Some of you may have noticed that last week I modified slightly the layout of this blog. Where the About Me section used to be, I introduced an About This Blog paragraph to identify the themes of Pilgrim Soul. The About Me section moved to the right column.
This change may seem minor, but it reflects an important evolution in me as a blog writer. When I first began Pilgrim Soul in 2009, it was to develop a platform to introduce my fiction. Very quickly, though, blogging turned into something more as I began meeting fellow bloggers from around the world who engaged me on fascinating topics with varied points of view. Their comments have even resulted in my incorporating topics I had not expected to address separately from my fiction; for example, my series on Puerto Rican identity. Pilgrim Soul became my gateway to an international party, and I didn’t even have to go through airport security to get there!
That would have been rewarding enough but along the way, I made another discovery. In writing for Pilgrim Soul, I also met myself fully. The blog’s label gadget surprised me by highlighting just how often I wrote about topics having to do with the intersection of culture and religion. That made me conscious of something I have lived with all my life, but which I had not acknowledged fully, the degree to which I have been formed by that intersection and how it continues to influence me.
In my exchanges with the international community of fellow bloggers, I also became aware of how my personal experience was part of a greater development. The identification of historical shifts is often left to historians after the fact. I believe we are living in a time in which those shifts are so palpable we don’t have to wait for historians. Important cultural and racial paradigms are at a juncture in which the old definitions are faltering but new ones have not yet been well established. I thank my blog for helping me personally to acknowledge and revel in the blessing and challenge of experiencing an historical turning point like this one. I also thank my readers for facilitating my pilgrimage of self knowledge.
My early drafts are long. A 125,000-word novel is not unusual. Mindful of market realities limiting first novels to a range of 80 to 100,000 words, I then use a scalpel. Usually I start this process grudgingly. After all, which of my darlings will I have to sacrifice, and won’t my novel be mortally wounded by their exit?
Having gone through this process recently with two of my novels, I have made an interesting discovery. A goal of reducing my novel to 100k or less is my best friend. The resulting novel post-surgery turns out to be a much better novel. Mind you, I am usually closer to 100k than to 80k; but, hey, a 25% cut is huge, and I’m proud of myself for pulling it off.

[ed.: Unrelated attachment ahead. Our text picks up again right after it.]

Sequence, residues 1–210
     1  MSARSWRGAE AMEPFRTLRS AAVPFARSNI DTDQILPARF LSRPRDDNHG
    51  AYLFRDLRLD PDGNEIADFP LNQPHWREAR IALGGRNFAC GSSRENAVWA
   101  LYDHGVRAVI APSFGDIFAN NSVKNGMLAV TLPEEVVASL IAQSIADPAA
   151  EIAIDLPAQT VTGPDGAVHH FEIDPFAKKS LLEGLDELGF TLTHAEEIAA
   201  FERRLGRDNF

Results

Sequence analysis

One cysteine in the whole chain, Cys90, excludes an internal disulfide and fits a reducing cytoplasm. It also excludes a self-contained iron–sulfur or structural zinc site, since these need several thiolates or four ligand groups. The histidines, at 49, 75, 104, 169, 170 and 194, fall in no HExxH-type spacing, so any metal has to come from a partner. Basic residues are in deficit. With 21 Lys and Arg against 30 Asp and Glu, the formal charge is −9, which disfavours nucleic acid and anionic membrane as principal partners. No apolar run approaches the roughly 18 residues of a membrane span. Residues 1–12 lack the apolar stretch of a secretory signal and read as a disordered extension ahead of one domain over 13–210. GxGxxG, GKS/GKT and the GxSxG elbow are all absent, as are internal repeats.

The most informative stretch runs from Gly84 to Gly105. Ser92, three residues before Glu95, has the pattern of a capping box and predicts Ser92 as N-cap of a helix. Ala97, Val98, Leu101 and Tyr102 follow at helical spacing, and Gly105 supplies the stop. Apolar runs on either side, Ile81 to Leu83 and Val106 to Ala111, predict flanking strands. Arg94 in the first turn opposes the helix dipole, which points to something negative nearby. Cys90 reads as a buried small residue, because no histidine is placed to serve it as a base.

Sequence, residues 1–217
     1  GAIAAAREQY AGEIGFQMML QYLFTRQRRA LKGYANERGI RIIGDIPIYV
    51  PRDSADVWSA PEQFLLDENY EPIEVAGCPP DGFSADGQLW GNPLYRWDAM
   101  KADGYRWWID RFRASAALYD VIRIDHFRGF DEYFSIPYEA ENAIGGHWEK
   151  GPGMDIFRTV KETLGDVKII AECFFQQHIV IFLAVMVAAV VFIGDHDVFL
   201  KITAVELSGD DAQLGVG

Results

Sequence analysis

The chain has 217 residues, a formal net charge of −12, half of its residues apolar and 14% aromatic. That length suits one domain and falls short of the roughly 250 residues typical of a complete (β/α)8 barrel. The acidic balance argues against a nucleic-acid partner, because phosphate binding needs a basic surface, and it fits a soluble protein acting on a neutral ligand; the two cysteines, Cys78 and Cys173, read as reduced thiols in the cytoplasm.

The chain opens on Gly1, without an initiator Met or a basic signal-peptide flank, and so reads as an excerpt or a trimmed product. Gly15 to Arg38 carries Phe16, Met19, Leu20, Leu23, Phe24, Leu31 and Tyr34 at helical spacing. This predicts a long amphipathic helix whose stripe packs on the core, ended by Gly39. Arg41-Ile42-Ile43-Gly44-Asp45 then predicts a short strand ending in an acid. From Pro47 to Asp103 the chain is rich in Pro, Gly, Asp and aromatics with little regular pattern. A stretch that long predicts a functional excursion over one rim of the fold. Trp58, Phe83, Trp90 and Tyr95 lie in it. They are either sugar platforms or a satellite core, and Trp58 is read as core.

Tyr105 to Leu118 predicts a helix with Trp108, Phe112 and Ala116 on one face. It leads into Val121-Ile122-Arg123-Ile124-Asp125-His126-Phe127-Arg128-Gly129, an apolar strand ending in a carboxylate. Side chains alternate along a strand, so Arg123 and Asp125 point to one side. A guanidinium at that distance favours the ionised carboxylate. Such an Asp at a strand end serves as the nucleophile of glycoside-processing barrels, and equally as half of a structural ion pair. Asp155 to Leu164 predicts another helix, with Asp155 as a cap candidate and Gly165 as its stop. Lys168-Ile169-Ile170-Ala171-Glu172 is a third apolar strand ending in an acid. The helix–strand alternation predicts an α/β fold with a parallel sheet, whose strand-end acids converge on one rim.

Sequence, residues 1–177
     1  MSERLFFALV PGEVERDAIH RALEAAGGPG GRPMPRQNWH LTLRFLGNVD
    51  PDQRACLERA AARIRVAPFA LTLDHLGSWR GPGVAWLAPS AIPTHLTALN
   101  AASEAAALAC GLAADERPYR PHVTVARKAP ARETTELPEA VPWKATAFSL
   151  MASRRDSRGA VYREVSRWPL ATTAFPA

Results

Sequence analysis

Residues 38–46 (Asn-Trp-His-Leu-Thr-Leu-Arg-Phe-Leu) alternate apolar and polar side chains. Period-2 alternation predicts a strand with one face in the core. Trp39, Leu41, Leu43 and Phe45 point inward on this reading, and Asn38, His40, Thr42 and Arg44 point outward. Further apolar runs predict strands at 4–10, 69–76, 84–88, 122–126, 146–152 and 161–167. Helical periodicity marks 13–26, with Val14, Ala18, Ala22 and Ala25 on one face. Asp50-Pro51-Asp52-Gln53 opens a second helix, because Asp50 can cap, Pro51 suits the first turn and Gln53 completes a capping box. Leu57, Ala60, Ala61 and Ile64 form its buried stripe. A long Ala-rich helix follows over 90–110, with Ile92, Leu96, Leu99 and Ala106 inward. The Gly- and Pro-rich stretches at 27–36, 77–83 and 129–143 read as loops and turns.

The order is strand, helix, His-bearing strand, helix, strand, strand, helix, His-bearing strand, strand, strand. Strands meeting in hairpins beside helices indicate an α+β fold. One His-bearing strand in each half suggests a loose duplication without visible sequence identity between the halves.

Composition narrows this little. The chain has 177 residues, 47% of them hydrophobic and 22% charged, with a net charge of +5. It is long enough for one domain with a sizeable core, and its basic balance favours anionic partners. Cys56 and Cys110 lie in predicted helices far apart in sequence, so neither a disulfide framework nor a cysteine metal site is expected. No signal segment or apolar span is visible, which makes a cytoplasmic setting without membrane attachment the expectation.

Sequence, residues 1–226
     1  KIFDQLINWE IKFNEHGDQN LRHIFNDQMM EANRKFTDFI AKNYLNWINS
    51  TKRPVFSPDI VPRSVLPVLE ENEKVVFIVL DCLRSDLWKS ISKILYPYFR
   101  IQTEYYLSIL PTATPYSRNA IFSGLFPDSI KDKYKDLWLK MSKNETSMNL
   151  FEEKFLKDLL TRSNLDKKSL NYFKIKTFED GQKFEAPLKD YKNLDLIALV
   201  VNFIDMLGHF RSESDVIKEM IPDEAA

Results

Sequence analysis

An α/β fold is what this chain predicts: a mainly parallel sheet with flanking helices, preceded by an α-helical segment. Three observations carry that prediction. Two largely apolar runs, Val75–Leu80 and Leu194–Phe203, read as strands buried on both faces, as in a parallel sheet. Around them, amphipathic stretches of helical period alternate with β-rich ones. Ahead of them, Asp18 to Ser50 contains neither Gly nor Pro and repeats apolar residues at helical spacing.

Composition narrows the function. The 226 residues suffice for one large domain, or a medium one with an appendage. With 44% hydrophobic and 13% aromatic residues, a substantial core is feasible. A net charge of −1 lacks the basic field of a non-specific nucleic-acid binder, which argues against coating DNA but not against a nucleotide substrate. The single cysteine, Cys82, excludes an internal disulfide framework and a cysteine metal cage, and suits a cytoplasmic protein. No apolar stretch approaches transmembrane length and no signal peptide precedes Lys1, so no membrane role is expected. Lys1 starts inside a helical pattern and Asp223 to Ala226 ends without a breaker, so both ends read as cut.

My process has two steps. I usually cut around 10k words just by eliminating passive voice, avoiding thens, ands, buts, ofs, saids, excessive stage direction, etc. That’s the easy part, especially when I see the salutary effect on the word count at the bottom of the screen. The hard part comes in stage two when I must excise an entire scene or, oh my, a chapter, maybe even a character. That hurts.
That 100k taskmaster, though, pierces my sentimental balloon quite easily. Of course, I save the earlier draft so that I can always rescue my maimed darlings. In the meantime, though, reaching that 100k-or-less goal clarifies in no uncertain terms what is at stake. Is this darling really, really necessary? Because if I save her, I might have to kill two other darlings instead of just this one.
I do sometimes gaze longingly at the long novels of prior times and wish our standards had not changed. In this Twitter et al. world, though, it is probably best to discard that sentiment. Otherwise, I might be ensuring that my novels never come out of their inglorious residence in computer memory.
As for those novels already succesfully reduced to below 100k, alas, I have since found out that to land an agent, I probably should reduce them further to fit the even shorter but Totally Cool category, as described in the Guide To Literary Agents Editor's Blog.
· 80,000 - 89,999: Totally cool · 90,000 - 99,999: Generally safe · 70,000 - 79,999: Might be too short; probably all right · 100,000 - 109,999: Might be too long; probably all right · Below 70,000: Too short · 110,000 or above: Too long
I was therefore about to wield my scalpel again when I heard from a writer friend: